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Article
October 1988

Accidental Salicylate Intoxication in a Hemodialysis Patient

Author Affiliations

From the Division of Nephrology, Department of Medicine (Drs Kleinman and Nissenson) and Pharmacy Services (Ms Schweitzer), UCLA Center for Health Sciences and UCLA School of Medicine, Los Angeles.

Arch Intern Med. 1988;148(10):2277-2278. doi:10.1001/archinte.1988.00380100121026
Abstract

• A 61-year-old woman receiving long-term hemodialysis presented with symptoms of tinnitus, insomnia, malaise, and disequilibrium. On close questioning, it was discovered that she had received a prescription for salsalate (Disalcid) from a consulting physician who had evaluated her for joint pain. This tablet was similar in appearance to a dried aluminum hydroxide gel preparation (Alu-tab) that the patient was taking as a phosphate binder. She had mistakenly been taking six Disalcid tablets with each meal. Her salicylate level was 5.86 mmol/L, but she had no change in her serum electrolyte levels or acid-base status. When the salsalate treatment was stopped and regular dialysis treatments were continued, the symptoms of salicylism resolved. This case illustrates one of the potential dangers of polypharmacy in patients with chronic disease. The mild course was probably due to ongoing hemodialysis, which prevented the appearance of the usual acid-base abnormalities of salicylate intoxication.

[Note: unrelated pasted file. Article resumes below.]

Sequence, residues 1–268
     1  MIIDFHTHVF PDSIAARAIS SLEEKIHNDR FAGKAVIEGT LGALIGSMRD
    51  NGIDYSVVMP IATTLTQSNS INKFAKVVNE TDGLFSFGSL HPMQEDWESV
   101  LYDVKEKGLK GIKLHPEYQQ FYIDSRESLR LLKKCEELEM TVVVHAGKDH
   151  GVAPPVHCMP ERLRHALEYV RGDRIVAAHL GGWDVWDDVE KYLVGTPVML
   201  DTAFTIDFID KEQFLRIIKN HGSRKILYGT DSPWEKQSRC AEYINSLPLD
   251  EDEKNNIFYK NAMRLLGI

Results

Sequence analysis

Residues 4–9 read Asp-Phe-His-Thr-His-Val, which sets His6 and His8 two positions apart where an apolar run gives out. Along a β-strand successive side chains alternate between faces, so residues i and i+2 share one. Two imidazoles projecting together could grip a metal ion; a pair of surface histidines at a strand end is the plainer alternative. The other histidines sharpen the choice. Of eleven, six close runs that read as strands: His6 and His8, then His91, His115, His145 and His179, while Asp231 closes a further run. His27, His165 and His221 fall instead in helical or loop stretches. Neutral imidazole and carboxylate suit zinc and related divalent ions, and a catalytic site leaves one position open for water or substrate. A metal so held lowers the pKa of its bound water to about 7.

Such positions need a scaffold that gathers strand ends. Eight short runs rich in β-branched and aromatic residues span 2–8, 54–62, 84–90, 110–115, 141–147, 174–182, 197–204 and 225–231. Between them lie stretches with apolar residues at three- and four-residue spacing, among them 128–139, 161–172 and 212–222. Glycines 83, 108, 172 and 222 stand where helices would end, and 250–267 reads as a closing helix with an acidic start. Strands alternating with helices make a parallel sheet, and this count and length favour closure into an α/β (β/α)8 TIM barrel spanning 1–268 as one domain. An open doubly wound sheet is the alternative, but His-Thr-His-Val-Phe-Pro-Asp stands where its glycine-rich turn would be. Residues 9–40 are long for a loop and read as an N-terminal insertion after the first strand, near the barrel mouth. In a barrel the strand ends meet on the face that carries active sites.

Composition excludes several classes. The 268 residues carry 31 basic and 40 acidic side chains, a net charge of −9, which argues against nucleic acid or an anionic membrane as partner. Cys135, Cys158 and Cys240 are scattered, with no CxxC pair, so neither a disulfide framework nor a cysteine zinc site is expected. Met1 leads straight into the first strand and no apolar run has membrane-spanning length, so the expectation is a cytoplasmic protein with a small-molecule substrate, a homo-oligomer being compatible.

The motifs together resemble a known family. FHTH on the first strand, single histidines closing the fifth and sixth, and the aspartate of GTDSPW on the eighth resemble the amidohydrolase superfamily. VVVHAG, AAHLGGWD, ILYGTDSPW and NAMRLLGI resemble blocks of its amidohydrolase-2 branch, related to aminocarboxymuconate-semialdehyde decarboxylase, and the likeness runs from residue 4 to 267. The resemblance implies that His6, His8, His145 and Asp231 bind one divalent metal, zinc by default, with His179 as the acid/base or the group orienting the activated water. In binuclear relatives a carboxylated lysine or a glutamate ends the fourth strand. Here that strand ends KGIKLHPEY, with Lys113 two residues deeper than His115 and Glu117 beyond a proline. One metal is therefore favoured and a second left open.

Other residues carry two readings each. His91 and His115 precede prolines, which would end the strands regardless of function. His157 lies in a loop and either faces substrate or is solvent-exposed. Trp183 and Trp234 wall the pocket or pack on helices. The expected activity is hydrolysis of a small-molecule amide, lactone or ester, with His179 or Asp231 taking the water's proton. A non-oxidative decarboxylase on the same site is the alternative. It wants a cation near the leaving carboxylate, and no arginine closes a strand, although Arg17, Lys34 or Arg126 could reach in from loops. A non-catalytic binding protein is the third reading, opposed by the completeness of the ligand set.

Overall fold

(Arch Intern Med 1988;148:2277-2278)

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